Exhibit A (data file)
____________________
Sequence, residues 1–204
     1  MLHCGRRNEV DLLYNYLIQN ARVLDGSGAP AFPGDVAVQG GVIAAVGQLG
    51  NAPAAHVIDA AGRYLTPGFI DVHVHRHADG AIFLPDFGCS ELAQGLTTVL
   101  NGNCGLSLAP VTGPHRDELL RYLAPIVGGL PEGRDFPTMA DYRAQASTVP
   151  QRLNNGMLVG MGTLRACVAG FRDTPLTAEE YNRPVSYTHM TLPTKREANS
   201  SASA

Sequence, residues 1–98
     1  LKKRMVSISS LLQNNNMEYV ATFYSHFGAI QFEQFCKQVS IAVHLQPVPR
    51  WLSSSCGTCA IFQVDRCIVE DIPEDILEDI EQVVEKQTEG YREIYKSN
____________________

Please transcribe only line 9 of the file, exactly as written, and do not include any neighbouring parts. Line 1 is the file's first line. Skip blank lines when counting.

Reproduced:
    51  WLSSSCGTCA IFQVDRCIVE DIPEDILEDI EQVVEKQTEG YREIYKSN